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reduce holiday waste

A Guide to Reducing Waste When Decorating for the Holidays

By Tobias RobertsRise Writer
Dec 7, 2017

There is something special about driving home from work on a cold, dark December night and seeing house after house lighted by twinkling, colored lights announcing the imminent arrival of one of the most cherished times of the year. When Christmas finally does roll around, the Santa Clause, reindeer, elves, and thousands of other decorations that adorn the inside and outside of our homes add to the holiday spirit as family and friends gather to share and celebrate a time of giving.

What most people do not realize, however, is that holiday decorations represent a significant source of pollution, unnecessary energy use and cause problems to the environment. While we often hear of the waste associated with the increase in consumerism during the Christmas shopping season, the things we use to adorn our homes during this season also contribute to the wastefulness that has come to define this special time of year.

christmas lights

Christmas Lights

Christmas lights are perhaps the most common type of holiday decorations. However, the energetic cost of lighting up our homes and yards is substantial. One recent report found that the United States alone used 6.5 billion kWh to light their Christmas lights during 2008. That is more than twice the amount of energy used per year by certain developing countries such as Nepal and Cambodia. Since an average of 1.22 pounds of CO2 is produced for each kWh of electricity consumed, Christmas lights in the U.S. alone send up close to 8 billion pounds of carbon dioxide into the atmosphere, thus making those twinkling lights on our homes a major contributor to global warming.

holiday waste

The Hidden Cost of Presents under the Tree and Santa Hanging on the Wall

Americans produce 25% more trash during the holiday season, amounting to 25 million tons of garbage that ends up in the landfill. This extra trash comes from the 2.65 billion Christmas cards sold every holiday season, the thousands of square kilometers of wrapping paper used to wrap gifts, and the insane amounts of plastic packaging used for the gifts we buy.

The decorations that we use to decorate our home are mostly made from different types of plastics. While these decorations intend to infuse holiday spirit to your family and guests, they also might be adding toxins to your home. The tinsel, wreaths, and other artificial greenery that many people put in their homes during the holiday season might very well contain large amounts of lead, toxic flame-retardants, tin compounds and phthalates, and other hazardous substances.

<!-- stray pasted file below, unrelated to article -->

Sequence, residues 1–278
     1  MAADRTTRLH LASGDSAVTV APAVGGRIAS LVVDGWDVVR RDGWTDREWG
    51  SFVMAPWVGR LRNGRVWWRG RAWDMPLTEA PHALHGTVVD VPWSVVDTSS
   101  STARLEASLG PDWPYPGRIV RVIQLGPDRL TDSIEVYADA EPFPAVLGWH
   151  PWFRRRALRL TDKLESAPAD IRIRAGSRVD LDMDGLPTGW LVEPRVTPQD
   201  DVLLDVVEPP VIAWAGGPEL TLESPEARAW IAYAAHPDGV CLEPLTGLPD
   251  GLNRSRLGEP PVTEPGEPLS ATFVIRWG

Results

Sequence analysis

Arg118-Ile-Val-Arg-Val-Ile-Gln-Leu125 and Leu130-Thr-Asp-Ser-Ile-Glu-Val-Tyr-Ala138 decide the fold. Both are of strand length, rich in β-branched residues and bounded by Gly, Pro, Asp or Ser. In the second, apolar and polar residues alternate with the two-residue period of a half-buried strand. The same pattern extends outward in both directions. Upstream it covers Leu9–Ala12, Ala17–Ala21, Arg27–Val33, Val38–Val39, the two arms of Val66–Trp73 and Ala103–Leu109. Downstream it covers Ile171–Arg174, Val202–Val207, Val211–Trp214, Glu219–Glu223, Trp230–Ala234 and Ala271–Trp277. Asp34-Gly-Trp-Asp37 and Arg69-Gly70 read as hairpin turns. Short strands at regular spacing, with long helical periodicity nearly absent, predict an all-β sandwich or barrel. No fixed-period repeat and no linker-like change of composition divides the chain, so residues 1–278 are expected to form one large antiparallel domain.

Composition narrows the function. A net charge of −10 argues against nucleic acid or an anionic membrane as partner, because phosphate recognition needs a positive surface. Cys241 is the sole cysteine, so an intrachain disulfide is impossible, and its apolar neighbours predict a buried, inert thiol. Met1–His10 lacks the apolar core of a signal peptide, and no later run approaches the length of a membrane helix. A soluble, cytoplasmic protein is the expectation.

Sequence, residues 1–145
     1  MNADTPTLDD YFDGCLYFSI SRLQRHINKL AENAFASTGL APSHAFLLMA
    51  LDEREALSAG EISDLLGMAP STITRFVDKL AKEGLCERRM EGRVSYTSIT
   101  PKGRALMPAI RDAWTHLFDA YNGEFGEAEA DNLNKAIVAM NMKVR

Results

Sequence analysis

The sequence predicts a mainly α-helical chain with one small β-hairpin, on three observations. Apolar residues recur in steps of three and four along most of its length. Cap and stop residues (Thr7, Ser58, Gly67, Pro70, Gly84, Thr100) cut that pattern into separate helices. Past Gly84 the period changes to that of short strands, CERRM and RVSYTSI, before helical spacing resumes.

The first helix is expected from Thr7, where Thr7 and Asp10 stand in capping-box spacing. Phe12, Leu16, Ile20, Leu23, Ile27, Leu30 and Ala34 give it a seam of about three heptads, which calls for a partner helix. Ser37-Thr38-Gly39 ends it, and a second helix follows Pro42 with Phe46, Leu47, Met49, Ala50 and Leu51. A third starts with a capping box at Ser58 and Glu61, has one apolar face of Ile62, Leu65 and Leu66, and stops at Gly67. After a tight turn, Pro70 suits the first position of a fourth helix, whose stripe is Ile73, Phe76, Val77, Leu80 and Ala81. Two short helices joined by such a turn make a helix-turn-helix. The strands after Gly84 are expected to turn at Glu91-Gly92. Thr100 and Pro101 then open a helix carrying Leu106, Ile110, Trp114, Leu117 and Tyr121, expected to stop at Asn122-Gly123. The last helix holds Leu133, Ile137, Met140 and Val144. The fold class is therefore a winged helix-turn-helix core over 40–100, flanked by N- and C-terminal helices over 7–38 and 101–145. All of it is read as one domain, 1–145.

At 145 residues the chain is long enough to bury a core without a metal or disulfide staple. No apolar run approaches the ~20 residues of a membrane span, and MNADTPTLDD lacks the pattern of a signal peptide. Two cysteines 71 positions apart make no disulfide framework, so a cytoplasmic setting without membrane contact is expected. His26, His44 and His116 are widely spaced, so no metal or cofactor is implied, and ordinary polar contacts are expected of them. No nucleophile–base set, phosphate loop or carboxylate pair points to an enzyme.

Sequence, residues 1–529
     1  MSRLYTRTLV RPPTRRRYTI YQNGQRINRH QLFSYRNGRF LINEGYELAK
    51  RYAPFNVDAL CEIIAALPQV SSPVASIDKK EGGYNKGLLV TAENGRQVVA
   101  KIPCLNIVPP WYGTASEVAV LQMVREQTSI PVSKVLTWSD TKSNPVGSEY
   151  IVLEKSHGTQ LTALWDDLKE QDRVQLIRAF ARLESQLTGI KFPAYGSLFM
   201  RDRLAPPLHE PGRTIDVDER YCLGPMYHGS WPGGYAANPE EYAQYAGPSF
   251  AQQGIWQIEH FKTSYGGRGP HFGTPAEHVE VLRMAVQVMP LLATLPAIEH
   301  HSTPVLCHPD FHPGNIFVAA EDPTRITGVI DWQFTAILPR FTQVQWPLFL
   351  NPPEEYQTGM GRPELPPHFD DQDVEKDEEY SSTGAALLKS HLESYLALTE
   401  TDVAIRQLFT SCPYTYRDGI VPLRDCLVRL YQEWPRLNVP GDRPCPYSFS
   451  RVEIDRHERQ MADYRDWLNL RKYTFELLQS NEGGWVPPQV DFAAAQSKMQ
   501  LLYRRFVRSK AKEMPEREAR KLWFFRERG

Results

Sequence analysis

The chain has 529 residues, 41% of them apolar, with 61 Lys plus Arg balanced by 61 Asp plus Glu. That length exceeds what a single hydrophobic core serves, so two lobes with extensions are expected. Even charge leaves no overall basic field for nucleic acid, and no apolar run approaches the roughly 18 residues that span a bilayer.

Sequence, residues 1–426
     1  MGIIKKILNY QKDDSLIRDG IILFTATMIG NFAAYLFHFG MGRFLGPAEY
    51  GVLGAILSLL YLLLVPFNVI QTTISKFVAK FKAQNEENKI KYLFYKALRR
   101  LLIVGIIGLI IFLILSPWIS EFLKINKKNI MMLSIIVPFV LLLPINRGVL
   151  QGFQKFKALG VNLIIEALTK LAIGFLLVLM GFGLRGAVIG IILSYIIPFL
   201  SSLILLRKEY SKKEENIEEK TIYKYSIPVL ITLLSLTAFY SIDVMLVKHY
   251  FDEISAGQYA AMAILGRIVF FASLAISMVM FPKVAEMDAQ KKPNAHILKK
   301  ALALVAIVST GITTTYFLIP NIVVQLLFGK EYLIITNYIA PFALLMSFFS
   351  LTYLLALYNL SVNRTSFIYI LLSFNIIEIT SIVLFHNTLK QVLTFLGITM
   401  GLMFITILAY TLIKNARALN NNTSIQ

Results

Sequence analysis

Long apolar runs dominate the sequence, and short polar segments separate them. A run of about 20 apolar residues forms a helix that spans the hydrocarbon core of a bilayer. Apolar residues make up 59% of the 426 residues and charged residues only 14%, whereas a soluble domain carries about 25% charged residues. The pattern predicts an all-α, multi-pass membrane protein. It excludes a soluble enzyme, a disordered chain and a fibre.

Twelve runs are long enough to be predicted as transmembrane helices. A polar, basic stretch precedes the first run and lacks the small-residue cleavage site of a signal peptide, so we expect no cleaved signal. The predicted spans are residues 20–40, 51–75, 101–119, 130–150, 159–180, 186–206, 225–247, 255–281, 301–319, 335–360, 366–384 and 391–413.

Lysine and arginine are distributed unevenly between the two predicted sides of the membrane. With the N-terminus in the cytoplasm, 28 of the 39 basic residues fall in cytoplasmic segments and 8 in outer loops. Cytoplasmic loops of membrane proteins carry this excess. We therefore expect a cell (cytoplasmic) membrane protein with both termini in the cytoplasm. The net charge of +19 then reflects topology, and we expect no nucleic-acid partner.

The Christmas lights we use in our homes, besides wasting energy, might also be leaching lead into our homes. One recent study found that over 50% of all Christmas lights had amounts of lead that were significantly higher than what is permitted in children’s toys.

sustainable gift wrap

How to Decorate for an Environmentally Friendly and Non-Toxic Christmas

It would be somewhat “Scroogish” to imply that we should abandon all Christmas decorations. The Holiday season would not be the same without the lights on our homes, the trees in our living rooms, and the wreaths on our doors. Luckily, there are several different environmentally-friendly Christmas decorations options available to us.

Instead of purchasing the regular 40 or 75-watt strand of Christmas lights, several companies offer solar-powered Christmas lights. A small solar panel powers these LED lights, making them an excellent option for outdoor holiday lighting. For indoor lights, opting for LED lights will limit the amount of energy (and money) needed to light your home and tree.

For tabletop decorations, Christmas cards, and wall hangings, instead of heading to Wal-Mart to stock up on wasteful and probably toxic decorative materials, consider making your decorations from recycled materials. From cork wreaths to origami Christmas tree ornaments, there are several different options to make recycled holiday decorations.

Consider heading to a craft fair or Amish farm to purchase your Christmas decorations. Local artisans and farmers often sell Christmas decorations made from locally sourced natural materials. From pinecones to dried orange peels, you can decorate the interior of your home with natural materials sourced from the natural world and crafted by local hands.

Disclaimer: This article does not constitute a product endorsement however Rise does reserve the right to recommend relevant products based on the articles content to provide a more comprehensive experience for the reader.Last Modified: 2021-07-10T02:46:07+0000
Tobias Roberts

Article by:

Tobias Roberts

Tobias runs an agroecology farm and a natural building collective in the mountains of El Salvador. He specializes in earthen construction methods and uses permaculture design methods to integrate structures into the sustainability of the landscape.